Research has shown auditory verbal therapy and speech-language rehabilitation to be viable means for improving speech perception outcomes for most cochlear implant recipients. Referral for these services is optional for each patient and can be discussed with your audiologist and speech-language pathologists we are supportive of this decision. Both post-lingual as a well as pre-lingual patients can be excellent candidates for cochlear implantation, and we review each patient as a unique and separate case. Cochlear implantation is a life-changing experience and we believe in serving all of our patients to the best of our knowledge and expertise.
Cochlear implantation and its benefit to individuals with moderate to profound hearing loss is a well-documented medical procedure. Medicare along with most major, private insurance companies recognize its significant benefit and medical necessity and typically offer 80-100% coverage of the costs of the surgery and the implant system.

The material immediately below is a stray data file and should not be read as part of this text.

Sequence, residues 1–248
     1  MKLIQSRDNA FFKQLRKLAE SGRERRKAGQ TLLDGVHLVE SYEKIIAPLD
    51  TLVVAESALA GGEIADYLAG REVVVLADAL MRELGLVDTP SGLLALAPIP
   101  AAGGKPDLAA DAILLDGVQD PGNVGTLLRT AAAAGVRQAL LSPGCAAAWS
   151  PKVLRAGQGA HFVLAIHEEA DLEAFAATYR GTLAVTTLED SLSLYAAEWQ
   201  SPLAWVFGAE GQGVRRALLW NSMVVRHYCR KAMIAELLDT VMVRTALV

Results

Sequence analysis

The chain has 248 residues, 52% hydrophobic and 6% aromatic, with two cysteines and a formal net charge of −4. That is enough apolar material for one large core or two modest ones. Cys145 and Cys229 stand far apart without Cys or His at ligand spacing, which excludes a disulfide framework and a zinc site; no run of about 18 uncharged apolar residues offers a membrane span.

Once candidacy for the process has been determined and a surgery date established, the Department of Otolaryngology will work with your insurance on your behalf to obtain an authorization for the cochlear implant surgery. Every patient's medical coverage is unique, which can affect the overall cost of the surgery. The MGUH Department of Otolaryngology-HNS will work with you with regards to financing. We will discuss your individual insurance plan and your potential out-of-pocket expenses associated with the surgery.
Selecting a device
With three cochlear implant companies manufacturing reliable FDA approved devices, flexibility exists among the available technology to make the “best” choice for each and every patient. We work equally with all three cochlear implant devices and are equipped to service and program implant from these companies: Cochlear Corporation, MED-EL Corporation, and Advanced Bionics Corporation.
The ultimate decision-making process includes the collaboration of the patient's desires with the recommendations of the implant team (surgeon, audiologist, family). All three implant manufacturers have a long-standing history of building and creating reliable speech processors that offer strong patient performance.